Human nature being what it is, we are reluctant to undertake the arduous tasks before us, tasks that we did not expect to have to undertake and that no one could wish for. It is this reluctance that respectable society exploits. We have a hard message; they have a soothing one. We tell people that they have work to do; they tell people that they can take it easy.
The good news is that though we will not survive as a people without a thoroughgoing transformation, we would need that transformation even without the threat from Islam, and we will be better off for having made it.
Either we throw off the rule of respectable society, or we die. We will have more life, more liberty, and more happiness—or death.
But why would so many Americans side against their country in this battle of ideas, a battle they themselves recognize as essential to winning the war against terrorism? Do they think they will be spared? Have they forgotten Michael Moore's lament that most of the victims of 9/11 were Democrats?
Respectable society sides against the country it presides over for the same reason that many in the West have propped Islam up throughout its history: there have always been people in the West who fear the West's defenders more than they fear Islam's attackers or think that they have more to gain from impeding the West's defense than to lose from aiding Islam's attack. The more things change....
According to Bernard Lewis in From Babel to Dragomans: Interpreting the Middle East, Saladin defended his policy of trading with the enemy by saying that 'there is not one of them ['Christian states'] that does not bring to our lands his weapons of war and battle, giving us the choicest of what they make and inherit':
Arms sales to Saddam Hussein, Lewis observes, had ample precedent in European history.
So Christian merchants calculated that the opportunity for trade with Islam was greater than the increased threat from Islam that that trade would bring. Protestant nations and Italian banks thought that they had more to gain from selling arms to Islam than to lose from placing those arms in the hands of Europe's enemies. Europeans decided to sell arms to Saddam Hussein for the same reason.
Respectable society thus weighs the threat to its position stemming from the war on terror and the threat from terrorism and sides with the terrorists. The decision is easier if it can delude itself that the threat from terrorism is illusory.
One way our betters conceal the peril from themselves and others is to call it Bush's problem. 'Report: Iraq poses problems for Bush,' headlines USA Today. 'Photographs of American soldiers abusing Iraqi prisoners pose a major problem for President Bush,' says the Associated Press.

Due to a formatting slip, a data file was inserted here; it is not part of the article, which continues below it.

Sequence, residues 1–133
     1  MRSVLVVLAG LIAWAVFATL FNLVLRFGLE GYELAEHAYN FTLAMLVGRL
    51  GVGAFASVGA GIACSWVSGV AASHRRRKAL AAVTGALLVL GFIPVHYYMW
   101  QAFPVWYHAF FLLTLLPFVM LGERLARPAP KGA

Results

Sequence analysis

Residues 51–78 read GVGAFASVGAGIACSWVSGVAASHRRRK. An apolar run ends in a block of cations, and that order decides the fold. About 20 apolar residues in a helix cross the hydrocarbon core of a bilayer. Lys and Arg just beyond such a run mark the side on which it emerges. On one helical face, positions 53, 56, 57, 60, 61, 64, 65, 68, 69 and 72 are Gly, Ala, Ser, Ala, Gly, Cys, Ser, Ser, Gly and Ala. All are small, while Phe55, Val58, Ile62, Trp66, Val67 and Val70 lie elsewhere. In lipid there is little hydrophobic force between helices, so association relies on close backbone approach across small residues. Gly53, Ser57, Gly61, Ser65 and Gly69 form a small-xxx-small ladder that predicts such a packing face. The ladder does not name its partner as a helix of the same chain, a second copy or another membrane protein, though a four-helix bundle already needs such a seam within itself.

Twenty Marines die in Iraq; Cece Connely says their deaths pose a big problem for Bush. One might think that the deaths are first of all a problem for the dead Marines and second for their loved ones, that Zarqawi's car bombs are a problem for the United States and the rest of the world, that they are, in other words, a serious problem. But if they are Bush's problem, and Bush is evil, they must in some sense be good, or if a problem not a serious one.
This psychological short—circuit works for domestic policy too. 'High gasoline prices are vexing problem for Bush,' says the Indianapolis Star, as if President Bush has to chip in a few extra dollars every time one of us buys gas. 'Bush's Big Problem' is Social Security, says the Washington Post, apparently under the misapprehension that the President faces a poverty—stricken old age.
It should be obvious even to intellectuals that George Bush's neck did not bleed when terrorists beheaded Daniel Pearl, so respectable society must have a more fundamental interest in deluding itself and the rest of us than mere contempt for Mr. Bush. This interest must be an exceedingly powerful one to overcome the fear and anger that people naturally feel when skyscrapers are toppled and subways bombed and to overcome the horror and revulsion that, to be fair, even respectable people feel when adulterers and homosexuals are stoned, thieves punished with amputation, girls sold into polygamous marriages, priceless works of religious art dynamited, black Africans murdered by the millions or held as slaves, women summarily executed for dress code violations, and so on, and on, and on.
So what is this powerful interest? What do reporters, academics, artists, intellectuals, mainline Christians, government functionaries, liberal politicians, and the rest of the defenders of the sorry status quo share? Hostility to Christians who seem actually to believe in Christ. And what is the reason for this hostility? A guilty conscience.
It might seem that respectable people have more to fear from Islam than from Christianity. Christians do not stone adulterers, after all, or put blasphemers to death. Islam is remote, however, and Christians frighteningly near.
Do not underestimate this irrational fear, this spiritual rebellion, the utter dismay that those without consolation feel as they become aware of their minute and evanescent place in the universe, the despair that seizes them when they contrast their grandiose dreams and sordid reality, the terror that strikes them when they consider the possibility of divine judgment.